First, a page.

GLASGOW Scotland (Reuters) - Since partnering with Prime Minister David Cameron’s Conservatives in 2010, the junior party in Britain’s first coalition government since World War Two has watched its opinion poll ratings slump.
The Liberal Democrats have been hammered in local, parliamentary and European elections and pollsters predict they could lose around half their 56 lawmakers in the 2015 vote. Yet they could still hold the balance of power.
Polls show voters remain unconvinced of the opposition Labor party’s ability to handle the economy or its leader Ed Miliband’s image, while support for the Conservatives has been hit by its austerity measures and the fact many Britons are yet to see the benefits of a return to economic growth.
Last week Cameron’s party took their first opinion poll lead in more than two years, but with both the main parties regularly polling 30-35 percent each, the race is expected to be close.
The Liberal Democrats were contemplating their options as they gathered for their annual conference this week and while the official position is that they would take their cue from voters and hold talks with whoever wins the most seats, opinion over who they would prefer to work with was split.
One thing was clear however, they would not go into coalition at any cost.
This time -- without the pressure financial market jitters over dealing with Britain’s record peacetime budget deficit placed on forming a stable government in 2010 -- whoever wins the most votes could attempt to govern as a minority.
Liberal Democrat leader Nick Clegg and his party, scarred by a public backlash after it reneged on promises such as scrapping university tuition fees, may be willing to let that happen if they cannot get a deal they are happy with in any negotiations.
“Leaving a minority administration, which is not to my preference I must say, is not the horror story it would have been four and a half years ago,” said party president Tim Farron, tipped as a potential successor to Clegg.
“We mustn’t be so dogged that we let the opposition think that (coalition) is what we will take at any length.”
The Liberal Democrats are not keen on any arrangement that would see them agree to back a minority government on key votes without being in power, asking what is in it for them?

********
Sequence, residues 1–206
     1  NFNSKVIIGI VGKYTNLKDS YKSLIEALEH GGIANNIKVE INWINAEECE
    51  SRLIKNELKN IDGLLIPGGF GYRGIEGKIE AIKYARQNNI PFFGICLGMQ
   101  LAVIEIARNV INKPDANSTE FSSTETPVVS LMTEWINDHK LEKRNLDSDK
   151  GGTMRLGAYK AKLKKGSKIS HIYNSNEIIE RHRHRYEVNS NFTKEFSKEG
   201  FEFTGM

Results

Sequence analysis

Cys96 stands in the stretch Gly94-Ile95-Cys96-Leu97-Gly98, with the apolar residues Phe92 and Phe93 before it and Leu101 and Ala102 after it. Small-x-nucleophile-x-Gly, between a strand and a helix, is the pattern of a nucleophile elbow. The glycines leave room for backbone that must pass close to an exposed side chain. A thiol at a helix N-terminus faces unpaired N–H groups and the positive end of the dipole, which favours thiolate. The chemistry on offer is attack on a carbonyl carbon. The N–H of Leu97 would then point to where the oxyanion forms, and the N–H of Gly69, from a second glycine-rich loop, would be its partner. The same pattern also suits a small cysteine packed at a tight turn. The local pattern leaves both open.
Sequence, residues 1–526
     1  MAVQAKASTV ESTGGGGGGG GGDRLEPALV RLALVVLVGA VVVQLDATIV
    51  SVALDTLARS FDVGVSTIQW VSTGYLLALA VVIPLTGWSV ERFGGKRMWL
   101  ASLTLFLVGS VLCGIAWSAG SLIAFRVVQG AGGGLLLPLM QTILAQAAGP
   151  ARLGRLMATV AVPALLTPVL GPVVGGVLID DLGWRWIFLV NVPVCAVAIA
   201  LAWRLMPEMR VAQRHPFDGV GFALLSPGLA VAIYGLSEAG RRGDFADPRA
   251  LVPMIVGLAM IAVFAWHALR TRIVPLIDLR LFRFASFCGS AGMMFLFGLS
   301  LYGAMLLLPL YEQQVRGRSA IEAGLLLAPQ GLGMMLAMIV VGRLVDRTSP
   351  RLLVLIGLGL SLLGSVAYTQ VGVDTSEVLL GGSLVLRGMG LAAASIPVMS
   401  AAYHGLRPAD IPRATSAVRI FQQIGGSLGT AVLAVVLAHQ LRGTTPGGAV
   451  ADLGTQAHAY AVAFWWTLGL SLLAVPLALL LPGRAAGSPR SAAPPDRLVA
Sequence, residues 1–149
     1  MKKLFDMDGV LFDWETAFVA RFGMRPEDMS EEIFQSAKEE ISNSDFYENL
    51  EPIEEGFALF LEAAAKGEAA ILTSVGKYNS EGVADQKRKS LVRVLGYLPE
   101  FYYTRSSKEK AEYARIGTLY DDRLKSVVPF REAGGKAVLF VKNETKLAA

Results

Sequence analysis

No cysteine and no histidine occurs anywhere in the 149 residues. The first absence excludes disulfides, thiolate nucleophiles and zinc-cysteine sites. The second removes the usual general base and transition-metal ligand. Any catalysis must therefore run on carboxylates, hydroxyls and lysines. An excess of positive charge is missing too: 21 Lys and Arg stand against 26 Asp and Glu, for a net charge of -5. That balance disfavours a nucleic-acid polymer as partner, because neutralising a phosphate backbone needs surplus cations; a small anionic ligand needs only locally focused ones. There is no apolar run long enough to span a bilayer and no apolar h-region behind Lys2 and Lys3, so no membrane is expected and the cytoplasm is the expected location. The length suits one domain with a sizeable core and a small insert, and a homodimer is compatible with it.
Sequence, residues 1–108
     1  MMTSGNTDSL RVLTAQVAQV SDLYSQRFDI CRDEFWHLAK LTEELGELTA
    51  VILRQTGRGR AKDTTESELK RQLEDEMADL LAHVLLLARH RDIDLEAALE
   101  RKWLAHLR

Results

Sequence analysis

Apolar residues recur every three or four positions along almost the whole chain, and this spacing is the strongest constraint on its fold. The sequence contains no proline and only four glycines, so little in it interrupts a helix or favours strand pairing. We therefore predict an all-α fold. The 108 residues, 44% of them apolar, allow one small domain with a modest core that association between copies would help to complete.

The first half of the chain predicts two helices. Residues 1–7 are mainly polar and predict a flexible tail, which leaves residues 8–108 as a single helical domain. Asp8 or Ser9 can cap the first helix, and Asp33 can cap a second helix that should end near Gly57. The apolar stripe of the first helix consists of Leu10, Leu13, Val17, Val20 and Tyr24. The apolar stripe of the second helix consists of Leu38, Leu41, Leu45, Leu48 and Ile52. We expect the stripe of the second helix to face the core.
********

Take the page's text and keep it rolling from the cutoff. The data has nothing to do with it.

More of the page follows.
Clegg has sought to persuade voters of the need to keep his party in government after May’s election by painting them as a restraint on the extremes of left and right.
“We are left in a situation where anything is possible. A coalition with either the Conservatives or the Labor party has question marks, has risks. Neither is a perfect partner,” said Julie Smith, a local councilor in Cambridge and a member of Britain’s upper house of parliament.
Many within the party see centre-left Labor as a closer ideological fit. They have a similar pro stance on Britain’s membership of the European Union and favor more progressive taxation, including plans to tax wealthy homeowners.
A poll of more than 550 members by party supporters’ website Liberal Democrat Voice at the start of this month found 33 percent favoured a coalition with Labor, compared to just 14 percent who wanted to work with the Conservatives again.
Yet lawmakers highlight major differences of policy on issues such as civil liberties and, like the voters, some see Miliband’s image and poor personal poll ratings as a barrier.
“I don’t see Ed Miliband as a prime minister,” Liberal Democrat junior minister Norman Lamb said at an event on the sidelines of the Glasgow conference, to applause from attendees.
Due to quirks of Britain’s electoral system, Labor could win the most seats without attracting the highest percentage share of votes. If the Liberal Democrats, languishing fourth in opinion polls, were to partner with Miliband’s party in that situation, it would be “very hard to sustain”, he said.
“The idea of us being latched into a Labor government with a low percentage of the vote, led by Miliband ... it could be enormously damaging for our party,” he said.
Despite several senior Liberal Democrats making strong attacks on their coalition partners during conference speeches this week, some think the current set-up could endure.
Many members felt the reputational hit of going into coalition with the Conservatives had been worth the opportunity to get some Liberal Democrat policies enacted.
“If the coalition was standing in the general election in May, in my view it would win comfortably ... people would vote for this government to continue if that was an option on the ballot paper,” Liberal Democrat lawmaker and former minister Jeremy Browne told the BBC’s Sunday Politics show.
But continuing with the Conservatives also has its problems.
Under pressure from Eurosceptics in his own party and the rise of the anti-EU UK Independence Party, Cameron has promised a referendum on Britain’s EU membership in 2017 and threatened to quit the European Court of Human Rights unless Britain’s parliament is given the final say over its rulings.
Last week Clegg said he would not be part of a government which took Britain out of the human rights court, and some in his party feel their coalition partners have gone too far in a bid to win over UKIP voters they fear could split the centre-right vote and damage their re-election chances.
“I wanted a coalition in 2010, I liked the idea of economic credentials with a conscience,” said one Liberal Democrat member at the conference who declined to be named. “Not anymore, the Conservatives have lurched too far to the right.”
Editing by Janet Lawrence